The Hamilton city government tower at 345 High St. may be sold to the Hamilton Community Authority as a way to raise money for the Spooky Nook gigantic indoor sports complex and convention center at the former Champion Paper mill on North B Street. MIKE RUTLEDGE/STAFF

Officials: Sale of Hamilton city tower would help with big projects like Spooky Nook, roundabout

Under a plan recently made public, the city is considering selling the building to the Hamilton Community Authority, an entity the city created in 2017 to help finance the Spooky Nook project and other needs.

Under the proposed arrangement, the city will sell the building for an amount in the range of $24.65 million to the building’s appraised value of $26.7 million. The city then would lease the building from the seven-member community authority for about $1.4 million per year, an amount that would depend on the amount of debt the community authority would issue.

That $1.4 million amount is the same as what city government now pays per year in debt service on the building. Smith emphasizes that the communityauthority plan would not raise taxes.

The funds made available through the sale would be used to pay for projects including Spooky Nook and a Gilmore Road roundabout and to pay down city debt on the city building.

RELATED: Local businesses already prepping for expected Spooky Nook-related growth

City leaders in October said they were still determining how they would fund some of the Spooky Nook payments that would be necessary. The city could sell non-tax-revenue or general-obligation bonds, Smith said, but, “There is, of course, a finite amount of revenues and debt capacity of the city, so this transaction preserves that capacity for future projects.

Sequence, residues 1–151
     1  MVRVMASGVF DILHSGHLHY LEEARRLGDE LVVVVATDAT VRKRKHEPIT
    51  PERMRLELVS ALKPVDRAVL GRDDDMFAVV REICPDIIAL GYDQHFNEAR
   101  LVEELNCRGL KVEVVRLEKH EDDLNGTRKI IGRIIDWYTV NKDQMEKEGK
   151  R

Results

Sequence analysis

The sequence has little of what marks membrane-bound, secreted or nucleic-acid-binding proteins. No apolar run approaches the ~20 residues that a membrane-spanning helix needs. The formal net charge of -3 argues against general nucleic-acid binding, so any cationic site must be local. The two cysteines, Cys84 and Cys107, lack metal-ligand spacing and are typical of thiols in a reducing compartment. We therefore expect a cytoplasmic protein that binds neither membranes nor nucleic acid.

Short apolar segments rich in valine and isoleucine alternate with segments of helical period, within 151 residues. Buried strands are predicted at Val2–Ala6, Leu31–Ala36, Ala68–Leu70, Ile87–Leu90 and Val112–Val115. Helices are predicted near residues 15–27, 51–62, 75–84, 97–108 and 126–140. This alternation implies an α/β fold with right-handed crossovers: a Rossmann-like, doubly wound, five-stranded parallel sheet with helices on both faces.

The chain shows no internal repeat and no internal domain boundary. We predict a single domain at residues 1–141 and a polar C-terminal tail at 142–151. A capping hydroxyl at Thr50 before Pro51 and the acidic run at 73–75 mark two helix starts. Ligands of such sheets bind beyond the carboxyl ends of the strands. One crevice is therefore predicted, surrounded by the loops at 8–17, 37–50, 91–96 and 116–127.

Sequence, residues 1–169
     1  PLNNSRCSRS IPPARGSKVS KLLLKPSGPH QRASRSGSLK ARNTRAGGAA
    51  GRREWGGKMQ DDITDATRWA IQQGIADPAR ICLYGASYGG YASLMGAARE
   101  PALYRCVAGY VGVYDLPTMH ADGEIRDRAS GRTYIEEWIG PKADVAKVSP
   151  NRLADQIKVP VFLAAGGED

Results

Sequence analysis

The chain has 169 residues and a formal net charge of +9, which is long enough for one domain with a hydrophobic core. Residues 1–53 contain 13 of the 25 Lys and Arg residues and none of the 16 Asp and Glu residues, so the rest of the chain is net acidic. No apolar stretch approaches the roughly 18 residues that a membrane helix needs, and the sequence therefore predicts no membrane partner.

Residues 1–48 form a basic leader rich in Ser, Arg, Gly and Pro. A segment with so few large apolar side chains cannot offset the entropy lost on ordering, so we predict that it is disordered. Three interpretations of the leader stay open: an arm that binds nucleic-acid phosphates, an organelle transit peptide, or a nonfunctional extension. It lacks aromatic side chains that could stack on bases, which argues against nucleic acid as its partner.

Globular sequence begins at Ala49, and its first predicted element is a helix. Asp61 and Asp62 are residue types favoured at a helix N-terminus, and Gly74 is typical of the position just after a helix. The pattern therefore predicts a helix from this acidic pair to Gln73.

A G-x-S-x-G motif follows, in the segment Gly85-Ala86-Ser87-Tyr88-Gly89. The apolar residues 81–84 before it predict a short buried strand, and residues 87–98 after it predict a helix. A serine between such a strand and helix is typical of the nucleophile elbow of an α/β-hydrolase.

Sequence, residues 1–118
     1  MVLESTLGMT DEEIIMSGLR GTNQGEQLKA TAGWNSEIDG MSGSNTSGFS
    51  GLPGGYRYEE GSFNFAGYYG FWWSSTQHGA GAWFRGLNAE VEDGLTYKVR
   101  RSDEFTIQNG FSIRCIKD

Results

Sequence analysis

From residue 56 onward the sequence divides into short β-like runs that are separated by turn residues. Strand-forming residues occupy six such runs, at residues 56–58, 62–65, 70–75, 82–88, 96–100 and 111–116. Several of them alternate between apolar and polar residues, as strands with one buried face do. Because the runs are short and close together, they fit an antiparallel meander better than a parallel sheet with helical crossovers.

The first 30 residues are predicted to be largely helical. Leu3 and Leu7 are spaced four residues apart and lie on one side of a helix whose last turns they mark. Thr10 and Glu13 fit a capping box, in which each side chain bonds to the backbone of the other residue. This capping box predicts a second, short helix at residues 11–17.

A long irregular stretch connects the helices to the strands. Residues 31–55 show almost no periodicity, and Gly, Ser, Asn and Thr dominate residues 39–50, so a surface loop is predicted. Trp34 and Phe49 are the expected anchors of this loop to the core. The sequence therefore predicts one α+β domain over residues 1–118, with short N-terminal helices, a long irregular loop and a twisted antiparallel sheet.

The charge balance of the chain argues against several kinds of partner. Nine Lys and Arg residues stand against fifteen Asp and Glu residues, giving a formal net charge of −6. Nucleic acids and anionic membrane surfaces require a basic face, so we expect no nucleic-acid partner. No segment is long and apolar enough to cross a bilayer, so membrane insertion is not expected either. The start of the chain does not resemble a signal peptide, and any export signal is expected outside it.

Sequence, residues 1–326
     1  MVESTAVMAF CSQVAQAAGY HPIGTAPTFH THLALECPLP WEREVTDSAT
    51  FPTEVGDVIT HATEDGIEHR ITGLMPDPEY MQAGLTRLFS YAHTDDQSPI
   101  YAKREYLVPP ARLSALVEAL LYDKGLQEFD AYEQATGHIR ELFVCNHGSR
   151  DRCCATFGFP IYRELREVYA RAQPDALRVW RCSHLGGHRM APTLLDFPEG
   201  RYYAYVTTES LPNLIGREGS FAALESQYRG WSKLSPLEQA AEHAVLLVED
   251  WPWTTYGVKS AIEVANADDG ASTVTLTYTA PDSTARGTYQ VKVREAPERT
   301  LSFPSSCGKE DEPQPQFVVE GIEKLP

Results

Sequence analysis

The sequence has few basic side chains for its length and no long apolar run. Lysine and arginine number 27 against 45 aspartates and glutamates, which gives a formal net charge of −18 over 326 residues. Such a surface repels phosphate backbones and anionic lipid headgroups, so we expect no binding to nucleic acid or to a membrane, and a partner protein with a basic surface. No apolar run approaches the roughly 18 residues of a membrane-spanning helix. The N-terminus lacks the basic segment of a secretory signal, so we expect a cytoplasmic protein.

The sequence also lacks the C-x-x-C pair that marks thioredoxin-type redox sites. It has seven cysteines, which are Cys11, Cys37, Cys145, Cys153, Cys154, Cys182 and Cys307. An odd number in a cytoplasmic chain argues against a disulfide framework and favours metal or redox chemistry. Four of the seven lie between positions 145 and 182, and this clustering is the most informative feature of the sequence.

“Plus, selling other bonds now would increase total city debt payments over the next several years.”

RELATED: A September article about Hamilton’s plans for Spooky Nook assistance

If the city were to finance the $24.6 million in projects itself, “total debt service would increase by $820,000 per year until $820,000 per year until 2026,” Smith said. “This structure allows us to maximize the amount of bonds we could issue at the lowest possible rate over the longest period of time, saving the city money.”

The community authority has three “citizen members” — local resident Jim Fitton, Greater Hamilton Chamber of Commerce President and CEO Dan Bates and local accountant and business owner John Kirsch. Its “local government representative” is the city’s development director, Jody Gunderson. It also has three “developer members” from the Spooky Nook project — owner Sam Beiler, Mike Dollard and Mike Messina.

Hamilton resident Dan Acton, who said he is concerned about the plan, calls it “shortsighted.”

Acton said if Hamilton would pay off the bonds on schedule — they’re due to be retired in 2026 — the city would have $1.4 million per year after that to spend as it wishes. He said he favors the approach Butler County has taken, to retire its debts, to allow itself more financial freedom.

RELATED: How saying ‘no’ helped Butler County avoid a financial crisis

“Buckle down, pay it down,” Acton said, adding the city should find another way to finance the Spooky Nook project, he added.

“Too many unanswered questions right now,” Acton said.

Although the building would be owned by the authority, the city would still continue to receive lease payments from fast-growing Hamilton company and building occupant ODW Logistics, because city government would be the “master lease holder,” Smith said.

“Currently, ODW pays $57,080.04 in annual lease payments,” Smith said. “Beginning July 1, 2019, the annual amount will increase to $85,620.”

Smith said he is “very confident” the authority will not sell the building out from under city government.

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“Not only does the city appoint the HCA board members, but the city lease will remain in place and the city will have a purchase option for the building that makes a purchase unattractive to third party purchasers,” Smith said. “Plus, the sales price would need to be high enough for the HCA to retire all of its outstanding bonds, which is also unlikely.”

This media outlet in late January asked all members of city council for their opinions on the proposed arrangement. None has answered.

The legislation selling the building is to be considered at the next two Hamilton City Council meetings, on Wednesday and Feb. 27.

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